Though Jammu and Kashmir is on the same page with the rest of the country on digitisation of education, work and other prospects, however, it has been a struggle over internet connectivity for a year now.
The internet shutdown has been a setback to the infant startup ecosystem in the region. Though the J&K Startup Policy of 2018, which also covers the Union Territory of Ladakh, does not focus much on tech as much as the non-tech sectors, which have pulled the region’s economy so far, it has been struggling to run such services when the customers don’t have access to the internet. However, local startups have been finding their way around it.
Talking to Inc42, Ishan Verma, director of J&K Startup Association and founder of tech startup Nentoir, highlighted that though startups don’t face such internet issues as high-speed internet services are available on broadband, customers have been facing major issues. He noted that several startups have been finding different ways to reach out to customers without any hiccup.
In April, Srinagar-based agritech startup efruitmandi had collaborated with local startups Fastbeetle, ElanMart and FARM2U to keep the supply of apples up and running in Kashmir Valley during the high-demand Ramazan season. In order to enable customers to access services without any disruption, efruitmandi had decided to take orders through phone calls, WhatsApp messages or Google forms, which need lower bandwidth.
Shah told Inc42 that they had to rethink their business model in order to incorporate an offline model to enable a wider set of customers to place their orders.
Similarly, the Chemist and Druggist Association of Kashmir had been looking to offer some relief to those in Kashmir valley by facilitating doorstep medicine delivery through phone calls. Though the internet wasn’t the issue here, restrictions imposed by the police and paramilitary forces on internal travel was a big issue.
Fayaz Azad, president of the Chemist and Druggist Association of Kashmir, highlighted that security forces should allow delivery of medicines, as it comes under essential items. He also emphasised that the police should allow people from the pharmaceutical industry to pass through after checking their documents.
Region Struggles Without Proper Internet
Last year on August 5, the government of India abrogated the special status given to Jammu and Kashmir under Article 370 and divided the region into two union territories — Jammu and Kashmir, and Ladakh. With this, the government had imposed a curfew in the region and shut down internet services. In the Jammu region, users have access to broadband and telephone services, but the Kashmir region has been stripped of that for months.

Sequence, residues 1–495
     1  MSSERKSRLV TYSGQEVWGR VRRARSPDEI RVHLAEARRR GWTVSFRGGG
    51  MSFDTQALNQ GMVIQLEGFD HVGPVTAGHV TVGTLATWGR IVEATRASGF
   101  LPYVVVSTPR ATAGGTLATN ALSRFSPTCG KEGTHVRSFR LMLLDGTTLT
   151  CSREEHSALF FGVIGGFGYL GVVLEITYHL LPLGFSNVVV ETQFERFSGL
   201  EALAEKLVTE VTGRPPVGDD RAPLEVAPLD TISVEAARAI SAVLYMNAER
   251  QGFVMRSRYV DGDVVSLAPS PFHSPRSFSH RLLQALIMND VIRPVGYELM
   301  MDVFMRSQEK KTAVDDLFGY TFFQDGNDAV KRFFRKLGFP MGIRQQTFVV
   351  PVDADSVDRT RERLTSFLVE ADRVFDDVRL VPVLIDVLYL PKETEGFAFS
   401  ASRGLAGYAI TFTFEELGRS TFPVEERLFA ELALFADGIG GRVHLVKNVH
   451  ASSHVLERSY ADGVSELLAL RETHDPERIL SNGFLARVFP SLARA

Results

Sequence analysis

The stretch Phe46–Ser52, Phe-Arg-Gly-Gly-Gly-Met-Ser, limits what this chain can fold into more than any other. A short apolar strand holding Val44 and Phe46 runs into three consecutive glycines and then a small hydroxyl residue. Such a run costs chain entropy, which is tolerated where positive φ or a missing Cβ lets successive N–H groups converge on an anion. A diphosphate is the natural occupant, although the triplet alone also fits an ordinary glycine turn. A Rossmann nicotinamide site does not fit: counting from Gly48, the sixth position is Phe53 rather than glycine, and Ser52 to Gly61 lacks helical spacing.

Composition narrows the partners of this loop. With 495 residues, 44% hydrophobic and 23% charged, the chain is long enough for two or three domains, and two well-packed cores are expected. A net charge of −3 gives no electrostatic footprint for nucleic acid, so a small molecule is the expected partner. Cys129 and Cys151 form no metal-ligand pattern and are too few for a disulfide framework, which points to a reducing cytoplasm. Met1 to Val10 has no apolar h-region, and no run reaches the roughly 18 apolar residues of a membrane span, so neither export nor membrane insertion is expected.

This continued till January, when the government decided to revoke the order and allow 2G mobile internet services in both Jammu and Kashmir, and Ladakh region. Though, it is important to note that all communication and social media platforms were barred in Kashmir until March 2020. As India went into lockdown the same month the government has proved to be effective in bringing education, work and all its services online (safely), the region has still been left in the shadow of the 2G network. Notably, the 4G services were restored in the Ladakh region in December 2020, 145 days after shutdown.
Nearly 200 organisations and advocacy groups located across 75 countries, who are a part of #KeepItOn campaign against internet shutdowns, have written an open letter to the government in April 2020, demanding restoration of 4G services in the J&K especially due to increased online activities during the lockdown. Even the Supreme Court has asked the Central government to reinstate the full mobile-data services in the region, but the central government is yet to act on it.
Moreover, the J&K administration, in an order issued on May 27, has claimed that the internet speed restrictions have not posed any hindrance to the Covid-19 control measures ranging from accessing online education content or carrying out business. Meanwhile, businesses and students have been complaining about the issues faced by them in accessing online services and classes due to slow internet.
Startup Policy Paralysis Hits J&K Ecosystem Equally Hard
Meanwhile, Verma also noted that the internet is not the only problem in the regional startup ecosystem, but it has been equally affected by the paralysis of J&K Startup policy. He elaborated that the policy does bare minimum for the ecosystem, and startups have to take on the burden on themselves to grow.
The J&K Startup policy has specified down on seven focus sectors. These include:
- Food processing and allied activities
- Agriculture including horticulture and floriculture
- Textiles, apparel & fashion technology
- Renewable energy
- Handicrafts & handlooms
- Electronics systems design and manufacturing
- Information technology-enabled services
Previously Sumit Bhat, cofounder of BHU-incubated healthtech startup Doctors Around You, noted that the focus area of the J&K Startup Policy was something that was relevant in the 1990s. Now that India is heading towards a much more tech-enabled economy, the policy should be updated as well, he said. Doctors Around You set up its base in Jammu but had to move to Pune because of the lack of support from the local ecosystem.
“The registered startups include coaching institutes, manufacturing units, farms, but those are not startups. You cannot consider normal businesses as startups. We should be looking for more innovative startups that are actually solving a problem,” Bhat added.
Besides this, the regional startup ecosystem has also been struggling to find investment opportunities in the region. Some of the prominent startups in this region are Kashmir Box, PureMart, Fast Beetle, viaENS, efruitmandi and TravelersDost, among others.
You can read up more about the J&K startup ecosystem in Inc42’s three-part series: